Monday, July 8, 2019

In Honor of CUFI's Summit in Washington in Support of Israel



The Bible Came Alive 120 Years Ago in Early Photographs of the Holy Land

By Lenny Ben-David


The Bible is timeless. Transmitted thousands of years ago to the People of Israel, its message and prophecy come true in modern Israel today. Some people meet its commandments and narration with skepticism, but photographs of the Holy Land from the 19th-century bear witness to the Bible’s veracity. Here are examples, found in the Library of Congress and archives worldwide. 


The Old City of Jerusalem, photographed from the Mount of Olives, (Ottoman Archives, 1865)
The history of photography starts with the daguerreotype photographic process in 1839 by Louis-Jacques-Mandé Daguerre. Several photographs of Holy Land landscapes exist from that period, but a newer, cheaper process took over by the 1850s, and photographers flocked to the Holy Land sailing on the new invention, the steamboat. They were fascinated by biblical scenes, holy sites, and people of the land.  The photographic process often took several minutes, so some of the subjects had to stand perfectly still; they had to be posed or models used in their stead.


One of the first resident photographers was Mendel Diness. His 1859 photograph below is probably the first picture of Jews at the Western Wall. Consider the chronological context of the two men: the photo was taken before Abraham Lincoln became president of the United States. George Washington was probably president when the older rabbi was born. 


Two rabbinic figures at the Western Wall, photographed by Mendel Diness. (Harvard University Library, 1859)


Mendel Diness also took pictures of the first Jewish homes built outside of the Old City Walls at Mishkenot Sha'ananim and the Montefiore Windmill. 



The construction of Mishkenot Sha'ananim beneath the landmark windmill, circa 1859 (Harvard University Library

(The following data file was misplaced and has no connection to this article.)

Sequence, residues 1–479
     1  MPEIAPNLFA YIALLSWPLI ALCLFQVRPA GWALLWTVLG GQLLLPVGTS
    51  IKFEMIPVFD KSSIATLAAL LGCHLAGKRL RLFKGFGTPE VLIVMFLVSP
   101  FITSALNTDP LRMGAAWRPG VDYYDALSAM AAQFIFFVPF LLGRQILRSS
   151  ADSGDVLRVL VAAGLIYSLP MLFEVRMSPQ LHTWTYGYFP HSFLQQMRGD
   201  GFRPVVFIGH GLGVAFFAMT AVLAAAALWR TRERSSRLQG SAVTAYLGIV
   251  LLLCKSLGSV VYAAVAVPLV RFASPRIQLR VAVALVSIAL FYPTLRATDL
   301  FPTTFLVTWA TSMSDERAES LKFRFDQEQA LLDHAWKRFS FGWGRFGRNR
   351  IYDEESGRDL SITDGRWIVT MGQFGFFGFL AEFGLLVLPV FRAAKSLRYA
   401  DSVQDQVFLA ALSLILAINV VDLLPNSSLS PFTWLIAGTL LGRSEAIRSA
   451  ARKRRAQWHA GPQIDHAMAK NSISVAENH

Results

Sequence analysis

Diness converted to Christianity, moved to the United States, changed his name to John Mendenhall Dennis, and served as an itinerant preacher.


The American Colony


The members of the American Colony in Jerusalem arrived in the Holy Land in 1881. When hundreds of poor Yemenite Jews arrived on their pilgrimage in 1882, the American Colony founder saw them as “Gadites,” descendants of the tribe of Gad, fulfilling the biblical prophecy of the return to Zion. The Colony helped to shelter and feed them. Many of them had to live in the caves of Silwan outside of the Old City.


This picture of the village of Silwan was found in a Lebanese Bonfils collection by the British Library. A note on the right points to the Jewish colony in Silwan.
The American Colony established a photographic department, and it dedicated itself to photographing the Holy Land. They published a beautiful series recreating scenes from Psalms and the Book of Ruth. 

Photograph of shepherd life illustrating the Twenty-Third Psalm. "He restoreth my soul." 

 

The second picture, also found in the Library of Congress, recreates “Ruth the Moabitess” in the fields of Bethlehem.





Recreation of the story of Ruth (Library of Congress)